Science News

In the future, highly-sensitive sensors could be able to detect magnetic signals from the body in order to draw conclusions on heart or brain functions. In contrast with established electrical measurement techniques, they would achieve contactless measurement, i.e. without direct skin contact. At present, such measurements are still associated with considerable expense and effort. This is because the sensors must be cooled dramatically, or shielded against other magnetic fields. Now, researchers at Kiel University built an important basis for biomagnetic diagnostics. In the Collaborative Research Center (CRC) 1261 "Magnetoelectric Sensors: From Composite Materials to Biomagnetic Diagnostics", they are researching the development of magnetic field sensors, which in the long-term - with better spatial resolution - could be easily put to use in medical practice. The interdisciplinary research team developed a magnetic field sensor system that not only includes the detection of a magnetic signal, but also its processing. The researchers presented their results in the journal Scientific Reports.

Full press release can be found at:

Our new phase noise analyzer FSWP from Rohde & Schwarz has just arrived. With this measurement device the phase noise (and also the amplitude noise) of both one-port and two-port devices under test (DUT) can be measured. One-port measurements are particularly necessary for the noise characterization of the oscillators used for the excitation of our sensors. However, the main feature of this device is the additional radio frequency (RF) source for so-called additive phase noise measurements, e.g. two-port measurements. Thus, we are now able to comprehensively analyze our new surface acoustic wave (SAW) magnetic field sensors [Kit 2018] regarding their noise behaviour. Last but not least the FSWP greatly supports the development of low-noise sensor electronics.


[Kit 2018] A. Kittmann, P. Durdaut, S. Zabel, J. Reermann, J. Schmalz, B. Spetzler, D. Meyners, N. X. Sun, J. McCord, M. Gerken, G. Schmidt, M. Höft, R. Knöchel, F. Faupel, and E. Quandt: Wide Band Low Noise Love Wave Magnetic Field Sensor System; Scientific Reports, vol. 8, no. 278, January 2018;

A highlight, especially for the team of the projects B2 and B6 of the CRC 1261, was the magnetic measurement of nerve signals with a 304 SQUID vector magnetometer at the PTB in Berlin. For further development and also for optimization of our uncooled magnetoelectric (ME) sensors, a better understanding of spectral power distribution and signal strength of nerve signals is of particular interest. Since the magnetic field of human nerve pulses is quite low, only signal amplitudes in the fT range from the deep nerve are measurable. The project B6 intensively prepared these measurements, since an earlier attempt at measuring the signals had completely failed. Finally, Christin Bald and Eric Elzenheimer succeeded in measuring nerve signals magnetically, which also fits to the current electrical gold standard (electroneurography). Signal amplitudes were subject dependent and ranged from 17 fT to 60 fT in a frequency range from 100 Hz to 1 kHz. The required averaging time was in the range of minutes, while for current ME sensors significantly longer averaging times are expected to be necessary.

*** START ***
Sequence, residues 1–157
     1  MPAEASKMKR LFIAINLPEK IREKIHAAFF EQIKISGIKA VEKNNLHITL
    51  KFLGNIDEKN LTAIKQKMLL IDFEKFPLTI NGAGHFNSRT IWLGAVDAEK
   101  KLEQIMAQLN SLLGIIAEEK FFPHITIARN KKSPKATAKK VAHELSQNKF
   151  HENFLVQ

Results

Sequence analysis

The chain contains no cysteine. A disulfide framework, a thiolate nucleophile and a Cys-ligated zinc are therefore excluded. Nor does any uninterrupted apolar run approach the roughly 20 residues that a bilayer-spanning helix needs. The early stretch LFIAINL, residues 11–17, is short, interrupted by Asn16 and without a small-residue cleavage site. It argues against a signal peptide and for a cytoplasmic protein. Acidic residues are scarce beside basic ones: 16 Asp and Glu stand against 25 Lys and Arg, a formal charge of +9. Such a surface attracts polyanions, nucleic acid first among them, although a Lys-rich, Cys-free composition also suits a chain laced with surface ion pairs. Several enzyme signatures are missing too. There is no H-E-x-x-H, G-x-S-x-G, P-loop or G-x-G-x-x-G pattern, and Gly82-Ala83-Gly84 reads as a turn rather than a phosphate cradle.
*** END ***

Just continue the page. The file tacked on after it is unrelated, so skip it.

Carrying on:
Ron-Marco Friedrich recently reported on great progress the project project B7. Here, the aim is the detection of magnetically labeled cells for biomaterial scaffold characterization and first measurements of the magnetic field and localization of magnetic nanoparticles were successful. For the measurement, an ME sensor samples space over a surface with magnetic nanoparticles (Fig. 1). The magnetic field is measured and the inverse problem is solved to localize the sources of that magnetic field (Fig. 2).

Fig. 1: Sampling of the surface with magnetic nanoparticles using an ME sensor. The magnetic moment is aligned with the AC magnetic field.


Fig. 2: a) Reference sample with magnetic nanoparticles (red), b) Measured magnetic field (red – positive, blue - negative), c) Reconstructed sources of the magnetic field.

Good news from our central project Z2. Alexander Teplyuk (project Z2) has finished a new scheme for mounting and characterization of our cantilever-based ME sensors. Instead of of permanenty fixing the cantilevers on a mouning plate (as we did it so far), we can contact the cantilevers now in a non-permanent manner. This allows to adjust the resonance frequency of our sensors in an easy way. Consequently, sensor characterisation with a predetermined center frequency is possible now.

The video above shows how easy it is to install and contact the ME cantilevers with the new measurement setup. By using a simple torque wrench, it is possible to ajust the claming force which dircetly influcenes the resonance frequency. This allows to characterize a large set of sensors with exactly the same resonance behaviour.

Alexander Teplyuk (project Z2) had improved the head scanner with respect to scanning speed, robustness, and saftety means. It is ready now to be used for patient measurements. First evaluations have been performed in close cooperation with our medical project B5.